There’s a lot more to trucking than just delivering goods. You have to make sure you’re staying safe on the road as well. Regularly checking state laws and regulations on how to transport heavy machinery will ensure you’re staying safe on the road. One of the best ways at securing your extreme cargo is by using various tie-downs.
Use Tie Down Equipment
Tie-down equipment is required for securing heavy cargo, construction machinery and other items for transportation or storage in order to ensure safety and avoid damage. Here are some examples of common tie-down equipment and how to utilize it.
Use Chains & Binders
One of the best ways to secure your extreme cargo is to use chains and binder hooks. During
transportation, you don’t want your equipment to shift or bounce around on your trailer. Using transport chains will ensure there’s no movement. Though, make sure that your chains and the hook binder grades work in harmony to ensure a secure hold. Cross-reference your chain’s grade with the boomer handle. As previously mentioned, your tie-down equipment’s WLL must add up to 50% of the weight of your cargo. The chain’s grade can’t go past the WLL of the boomer’s limit either.
Tension All Your Tie-Downs
Tensioning your ratchet straps and chains will ensure your cargo stays locked in place on your truck. DOT regulations also have rules to ensure that you use precise tensioning for your materials, especially in the case of heavy equipment. For instance, truckers must have their chains all fastened vertically, not horizontally, to keep your cargo stabilized.
Use Edge Protection
Using corner and edge protectors are also a must-have for extreme cargo. Like the name suggests, they keep your load safe from harm. Not only do they keep your extreme cargo safe but edge protectors also protect your ratchet straps from wear and tear. Some pieces of machinery may have sharp edges that could rip right through your straps. Corner Protectors will help your straps last for years to come.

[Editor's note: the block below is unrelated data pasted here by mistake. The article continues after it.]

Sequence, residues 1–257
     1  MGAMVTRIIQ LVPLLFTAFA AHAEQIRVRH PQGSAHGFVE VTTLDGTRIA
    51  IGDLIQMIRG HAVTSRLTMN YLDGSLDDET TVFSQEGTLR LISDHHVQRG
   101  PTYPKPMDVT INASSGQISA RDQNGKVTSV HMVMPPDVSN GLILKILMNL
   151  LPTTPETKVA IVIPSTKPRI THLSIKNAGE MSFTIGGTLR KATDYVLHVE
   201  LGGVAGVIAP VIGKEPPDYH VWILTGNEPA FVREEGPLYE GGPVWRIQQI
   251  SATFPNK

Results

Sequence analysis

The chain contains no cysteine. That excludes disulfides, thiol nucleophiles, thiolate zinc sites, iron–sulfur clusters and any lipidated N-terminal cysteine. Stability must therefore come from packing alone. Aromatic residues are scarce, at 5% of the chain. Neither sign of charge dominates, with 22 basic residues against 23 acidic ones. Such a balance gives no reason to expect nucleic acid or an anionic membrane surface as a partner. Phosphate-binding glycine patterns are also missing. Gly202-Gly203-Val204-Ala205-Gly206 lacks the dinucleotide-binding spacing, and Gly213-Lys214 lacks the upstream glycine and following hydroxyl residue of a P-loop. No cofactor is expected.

Use an Oversized Load Sign & Lights
Any type of cargo that exceeds that length of your flatbed truck, is required by law, to have some sort of signage. Oversized load signs, Beacon Lights and flags help you keep the roads safe during an extreme transport. Not to mention, they warn other drivers that you’re hauling an abnormally large load and that they should keep their distance.
Secure the Wheels with Chocks
Another piece of tie-down equipment that’ll help you stay compliant with DOT regulations is a wheel chock. During loading and unloading procedures, truckers use these wedges to help keep their trucks from moving. Any movement at all could lead to a loss of materials and even a fatal
Secure Your Equipment’s Components
While you want your extreme cargo secure, your tie-downs must be stable as well. All of your hooks, work tools, spare tires and tailgate lights are all functioning. Any levels or gauges must be wrapped up to prevent any damage from occurring on the road. In the end, your tie-down equipment must be secure in order to protect your cargo.
Verify Driver Visibility
A truck driver should always be aware of their surroundings as well. That also includes the arrangement of the cargo over their truck’s trailer. Your heavy cargo should be positioned in such a way that you have access to your truck’s integral parts during breakdowns or repair work. Not to mention, it takes the worry out of receiving a hefty fine from the police.
Hit the Road
Now that you have everything secured over your truck’s trailer, you’re ready to hit the open road. Though, during breaks and gas stops, check all your tie-downs and cargo. Things tend to move during a long transport and it’s always a good idea to do a regular check-up. If you notice slack in your straps and chains, add more tension. That way, you can rest assured knowing that
your equipment is secure.
Hauling Heavy Machinery Can Be Made Easy
After reading this blog, the long drive ahead of you doesn’t look so daunting anymore, does it? You may have to haul extremely large and heavy cargo but it can be done if you follow these simple tips. At the end of the day, you want to learn how to haul heavy machinery in the most efficient and safest way possible.